Post Office
The Post Office is 'at crisis point', according to the Communications Workers' Union Reuters

More than 3,000 Post Office workers have started a 24-hour-long strike to protest over job losses and management's decision to close a final salary pension scheme.

Members of the Communications Workers' Union (CWU) and Unite are taking part in today's (31 October) walkout, with a "major stunt" planned for London.

"The Post Office is now at crisis point – it needs a new strategy as a matter of urgency," said Dave Ward, the general secretary of the CWU.

"No one is thinking of the future. This isn't good for workers, it isn't good for customers and it isn't good for the future of the business. The CWU will not simply stand by and see another British Industry destroyed.

"We have a simple demand – that the government pauses the cuts and brings stakeholders together for a structured period of talks to develop a plan that is about more than managing the decline of the service – our members and the public deserve nothing less."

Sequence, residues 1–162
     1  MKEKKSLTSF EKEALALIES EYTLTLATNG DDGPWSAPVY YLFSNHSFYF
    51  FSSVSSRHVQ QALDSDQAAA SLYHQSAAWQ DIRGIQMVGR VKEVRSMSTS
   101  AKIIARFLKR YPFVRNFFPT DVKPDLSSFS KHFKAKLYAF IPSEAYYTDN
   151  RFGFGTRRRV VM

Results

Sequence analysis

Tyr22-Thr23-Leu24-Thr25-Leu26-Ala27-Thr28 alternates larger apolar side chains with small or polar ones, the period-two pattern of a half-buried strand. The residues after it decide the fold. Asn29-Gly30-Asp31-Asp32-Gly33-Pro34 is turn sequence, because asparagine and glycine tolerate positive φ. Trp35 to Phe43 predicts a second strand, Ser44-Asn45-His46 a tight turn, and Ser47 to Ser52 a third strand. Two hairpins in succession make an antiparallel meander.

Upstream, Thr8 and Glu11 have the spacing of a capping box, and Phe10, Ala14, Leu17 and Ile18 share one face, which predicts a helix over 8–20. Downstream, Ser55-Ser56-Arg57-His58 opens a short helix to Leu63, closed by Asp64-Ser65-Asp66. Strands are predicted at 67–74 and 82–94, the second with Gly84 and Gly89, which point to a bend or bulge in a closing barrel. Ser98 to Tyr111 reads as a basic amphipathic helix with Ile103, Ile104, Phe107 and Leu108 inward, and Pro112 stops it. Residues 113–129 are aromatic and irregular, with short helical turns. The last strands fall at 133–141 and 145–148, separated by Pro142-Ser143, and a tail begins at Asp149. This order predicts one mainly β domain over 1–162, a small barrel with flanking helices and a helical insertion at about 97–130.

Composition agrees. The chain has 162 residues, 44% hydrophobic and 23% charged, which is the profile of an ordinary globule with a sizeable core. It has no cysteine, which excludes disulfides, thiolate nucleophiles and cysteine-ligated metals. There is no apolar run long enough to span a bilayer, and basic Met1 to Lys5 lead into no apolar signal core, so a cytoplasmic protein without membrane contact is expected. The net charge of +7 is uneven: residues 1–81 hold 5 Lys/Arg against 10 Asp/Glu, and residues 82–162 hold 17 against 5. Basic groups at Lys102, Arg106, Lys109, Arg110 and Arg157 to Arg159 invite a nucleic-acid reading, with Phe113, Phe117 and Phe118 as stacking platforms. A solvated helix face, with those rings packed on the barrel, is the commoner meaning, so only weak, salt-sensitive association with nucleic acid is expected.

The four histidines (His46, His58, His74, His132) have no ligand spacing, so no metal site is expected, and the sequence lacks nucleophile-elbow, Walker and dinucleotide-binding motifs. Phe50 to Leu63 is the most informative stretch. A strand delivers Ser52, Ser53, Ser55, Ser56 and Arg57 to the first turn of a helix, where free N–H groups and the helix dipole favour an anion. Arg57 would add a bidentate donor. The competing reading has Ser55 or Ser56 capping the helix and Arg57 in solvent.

The Post Office has said the "vast majority" of the its 11,600 branches across the UK will be unaffected by the strike action, part of a long-running dispute between management and the trade unions.

"It will be business as usual for the 50,000 people working in the over 11,000 branches run by independent businesses," said Kevin Gilliland, network and sales director for the Post Office.

"In addition, our contingency plans will ensure many directly-managed branches remain open and that there is sufficient cash and stock for our whole network.

"The Post Office wants to reach a constructive way forward through talking with our unions. More than 99% of people in the UK live within three miles of a Post Office branch, but we must make changes to safeguard that level of service for future generations.

"The Post Office is committed to keeping its branches at the heart of communities. But we must also respond to changing customer needs."